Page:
Don’t blame Yankees and Red Sox fans for those two teams’ ridiculous over-representation in the All-Star game. I’ll be the first to admit there’s no way in hell Derek Jeter should be an All-Star, just as there’s no way in hell Dustin Pedroia should be a starter or Jason Varitek should be even within 200 miles of the game.
This is a problem that lies squarely with Bud Selig and the MLB brass itself. If you’ve signed up for updates from your favorite team’s website, sites that are run by the MLB, over the past 2 months you’ve been bombarded with emails saying “Vote for your favorite Yankees/Phillies/Padres/whoever.” Since there are more Yankees/Red Sox fans than everyone else, of course there’s going to be a selection bias.
The most egregious thing here, however, is that the MLB is actively encouraging these biases to continue.
Stuffing the ballot box has been a complaint for nearly as long as there’s been an All-Star game.
In 1957, after 7 Reds made the All-Star team when the Cincinatti Enquirer published pre-marked ballots, Ford Frick stripped the fans of their voting rights. Players, coaches, and executives determined the All-Stars until 1969, when fans’ frustration with the move caused Bowie Kuhn to reinstate the fan vote. That was before free agency, when players had hundreds of thousands or millions of dollars riding on an All-Star game appearance.
This year, Jeter and Varitek have effectively stolen millions of dollars from other players, whether they wanted to or not.
But those are just individual complaints. The larger effect on the game has been even more damaging. It’s one thing to not have the best players in a meaningless game; it’s another thing entirely to have it affect freaking home-field advantage of World Series.
I maxed out my 25 All-Star ballots (more on that later), and not one of them had Derek Jeter on the ballot. I was doing this as a responsible Yankees fan. Should the Yankees turn their season around and make the World Series, I would not want home field advantage determined by a shot up the middle that would force the starting shortstop to move left. If that happens, the Cubs are winning the World Series this year.
The biggest knock on Bud Selig’s tenure as commissioner has been his tendency to drastically overreact to major complaints.
In some cases, his overreaction is understandable and helpful, in other cases, it just makes things worse. I’d argue that the All-Star game is his worst folly in this regard, and also his most ineffective. After the infamous All-Star game tie in 2002, even more embarrassing to Bud in that it happened in his native Milwaukee, the “this time it counts” mantra started. More than anything else, it was a TV ratings ploy, worrying fans would turn away from the game.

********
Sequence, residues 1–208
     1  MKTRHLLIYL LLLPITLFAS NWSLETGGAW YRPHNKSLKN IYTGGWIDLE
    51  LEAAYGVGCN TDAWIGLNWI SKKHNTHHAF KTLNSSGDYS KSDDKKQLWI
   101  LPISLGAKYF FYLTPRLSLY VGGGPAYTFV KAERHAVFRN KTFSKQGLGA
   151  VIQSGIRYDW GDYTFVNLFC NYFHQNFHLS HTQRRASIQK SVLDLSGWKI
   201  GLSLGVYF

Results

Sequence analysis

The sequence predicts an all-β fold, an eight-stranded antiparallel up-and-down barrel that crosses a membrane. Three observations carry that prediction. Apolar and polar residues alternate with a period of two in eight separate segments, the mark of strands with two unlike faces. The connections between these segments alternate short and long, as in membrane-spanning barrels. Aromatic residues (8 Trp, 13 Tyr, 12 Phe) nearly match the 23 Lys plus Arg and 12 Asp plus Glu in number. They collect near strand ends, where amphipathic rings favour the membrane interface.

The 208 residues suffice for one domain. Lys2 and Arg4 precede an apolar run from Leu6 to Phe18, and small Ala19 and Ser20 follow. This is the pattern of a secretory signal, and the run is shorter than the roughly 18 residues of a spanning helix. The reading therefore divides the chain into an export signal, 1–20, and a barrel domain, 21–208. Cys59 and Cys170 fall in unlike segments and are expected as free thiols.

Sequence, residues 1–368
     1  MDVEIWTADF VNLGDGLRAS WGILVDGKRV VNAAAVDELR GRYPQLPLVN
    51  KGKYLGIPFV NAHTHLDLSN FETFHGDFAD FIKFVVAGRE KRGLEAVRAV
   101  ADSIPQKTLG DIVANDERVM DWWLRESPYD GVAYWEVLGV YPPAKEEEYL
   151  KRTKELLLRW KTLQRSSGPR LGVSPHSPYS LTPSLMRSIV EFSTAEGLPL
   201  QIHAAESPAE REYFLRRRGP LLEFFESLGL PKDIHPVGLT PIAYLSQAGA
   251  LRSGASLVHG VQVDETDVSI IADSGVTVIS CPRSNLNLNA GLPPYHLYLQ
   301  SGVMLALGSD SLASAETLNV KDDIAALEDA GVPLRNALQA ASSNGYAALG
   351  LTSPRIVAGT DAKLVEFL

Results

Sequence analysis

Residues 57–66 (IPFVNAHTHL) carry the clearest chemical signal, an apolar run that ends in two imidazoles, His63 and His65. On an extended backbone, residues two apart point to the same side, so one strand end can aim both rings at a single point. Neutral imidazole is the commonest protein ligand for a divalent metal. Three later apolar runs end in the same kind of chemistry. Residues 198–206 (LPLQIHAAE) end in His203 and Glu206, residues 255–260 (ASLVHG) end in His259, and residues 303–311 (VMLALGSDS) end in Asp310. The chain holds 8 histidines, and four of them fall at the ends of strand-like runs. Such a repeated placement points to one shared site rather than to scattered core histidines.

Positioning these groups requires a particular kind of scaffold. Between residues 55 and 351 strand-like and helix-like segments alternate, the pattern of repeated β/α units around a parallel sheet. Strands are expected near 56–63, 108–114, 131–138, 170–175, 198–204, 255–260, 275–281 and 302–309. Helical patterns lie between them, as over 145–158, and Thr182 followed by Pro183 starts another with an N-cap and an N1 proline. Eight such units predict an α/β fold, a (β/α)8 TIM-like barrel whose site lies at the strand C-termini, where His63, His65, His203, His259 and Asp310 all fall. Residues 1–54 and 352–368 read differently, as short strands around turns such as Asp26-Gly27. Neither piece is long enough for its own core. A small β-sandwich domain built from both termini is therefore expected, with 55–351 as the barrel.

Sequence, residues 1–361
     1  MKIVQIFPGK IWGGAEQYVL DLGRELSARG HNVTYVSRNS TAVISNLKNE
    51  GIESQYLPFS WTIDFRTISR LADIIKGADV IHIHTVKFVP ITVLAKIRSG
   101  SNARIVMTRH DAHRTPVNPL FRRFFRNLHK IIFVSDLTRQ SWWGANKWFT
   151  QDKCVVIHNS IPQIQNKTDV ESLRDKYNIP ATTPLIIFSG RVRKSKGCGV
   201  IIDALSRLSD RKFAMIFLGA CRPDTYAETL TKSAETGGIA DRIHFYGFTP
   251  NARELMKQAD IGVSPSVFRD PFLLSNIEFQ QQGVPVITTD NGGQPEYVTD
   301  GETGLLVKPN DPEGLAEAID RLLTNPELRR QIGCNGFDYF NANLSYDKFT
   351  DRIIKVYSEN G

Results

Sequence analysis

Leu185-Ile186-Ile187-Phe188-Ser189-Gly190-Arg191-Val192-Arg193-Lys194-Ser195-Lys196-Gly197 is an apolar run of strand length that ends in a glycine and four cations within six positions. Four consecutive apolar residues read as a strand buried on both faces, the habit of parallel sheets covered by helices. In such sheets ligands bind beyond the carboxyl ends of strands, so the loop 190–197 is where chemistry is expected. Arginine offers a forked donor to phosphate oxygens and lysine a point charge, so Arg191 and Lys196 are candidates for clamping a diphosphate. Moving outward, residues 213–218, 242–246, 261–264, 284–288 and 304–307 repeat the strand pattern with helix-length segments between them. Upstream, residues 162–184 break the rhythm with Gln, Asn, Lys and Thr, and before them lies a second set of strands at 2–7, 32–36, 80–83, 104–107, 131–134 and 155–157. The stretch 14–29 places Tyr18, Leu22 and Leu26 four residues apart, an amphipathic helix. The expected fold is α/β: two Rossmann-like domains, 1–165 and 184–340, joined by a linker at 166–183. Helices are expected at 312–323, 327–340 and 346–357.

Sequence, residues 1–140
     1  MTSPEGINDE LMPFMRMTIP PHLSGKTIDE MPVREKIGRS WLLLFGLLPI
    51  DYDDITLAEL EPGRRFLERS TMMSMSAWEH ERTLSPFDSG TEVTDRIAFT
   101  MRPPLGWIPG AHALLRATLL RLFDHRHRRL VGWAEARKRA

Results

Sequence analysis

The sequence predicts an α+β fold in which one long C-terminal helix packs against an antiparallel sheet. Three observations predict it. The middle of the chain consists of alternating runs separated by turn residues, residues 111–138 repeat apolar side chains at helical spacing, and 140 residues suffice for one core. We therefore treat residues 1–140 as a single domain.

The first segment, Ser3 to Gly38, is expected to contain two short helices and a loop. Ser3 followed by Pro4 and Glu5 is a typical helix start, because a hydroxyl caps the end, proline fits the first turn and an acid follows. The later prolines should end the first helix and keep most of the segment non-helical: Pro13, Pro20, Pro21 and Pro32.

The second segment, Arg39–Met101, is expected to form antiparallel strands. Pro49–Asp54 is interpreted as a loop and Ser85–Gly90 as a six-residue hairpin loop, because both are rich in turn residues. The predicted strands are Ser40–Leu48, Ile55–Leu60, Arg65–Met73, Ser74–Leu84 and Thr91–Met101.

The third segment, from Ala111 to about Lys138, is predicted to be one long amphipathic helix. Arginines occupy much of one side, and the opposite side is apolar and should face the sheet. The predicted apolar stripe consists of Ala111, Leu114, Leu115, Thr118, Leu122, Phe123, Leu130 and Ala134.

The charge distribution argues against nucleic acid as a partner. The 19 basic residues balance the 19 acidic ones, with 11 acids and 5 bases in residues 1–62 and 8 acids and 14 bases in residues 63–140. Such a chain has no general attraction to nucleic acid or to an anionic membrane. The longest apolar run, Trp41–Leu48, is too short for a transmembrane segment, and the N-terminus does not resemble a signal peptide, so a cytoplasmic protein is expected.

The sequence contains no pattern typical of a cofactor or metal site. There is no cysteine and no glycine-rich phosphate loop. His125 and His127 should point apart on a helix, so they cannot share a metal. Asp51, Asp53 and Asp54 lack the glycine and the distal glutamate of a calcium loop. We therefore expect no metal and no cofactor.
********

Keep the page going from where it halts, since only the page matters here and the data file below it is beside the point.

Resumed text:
What Bud didn’t understand was that the All-Star game came at the most parched time for American sports of the calendar year. Unless he was worried about losing fans to MLS or WNBA games, he has a virtual monopoly on the sports scene for both the All-Star game and the Home Run Derby. Despite this, ratings have still consistently fallen every year except for 2006 since 2001, before the tie, and after the game mattered.
Ratings have gone down across the boardm for every network broadcoast, but it still shows that the MLB’s decision to make the game matter has been insignifcant in terms of the bottom line. From a baseball standpoint, however, the change has been enormous, as well as a disaster.
But as annoyed as certain players must be to see their potential income reduced for fans’ whim, imagine what they must think when the MLB actively encourages it. MLB’s hypocrisy here is startling. They want the game to matter, but their promotional material still advocates stuffing the ballot box. They’ve mandated fans giving their name to counter ballot-box stuffing, but they allow fans to vote up to 25 times, encouraging the more dedicated and therefore biased fans. They want to game to have significance for October, but they require players to be represented from teams whose seasons are already over.
Where’s the logic in this?
There are two ways to solve the problem: either get rid of the fan vote and the one player per team minimum, which will anger most fans in June, or get rid of the home-field advantage policy, which will anger no one except fo one team’s dumbass fans looking for an undeserved advantage in the World Series every other year. In only one year since the policy was put in place (2004) has the team with home field advantage not had the better regular season record anyway. The game has only “counted” once, in a year the National League team was swept. It’s time to leave it that way.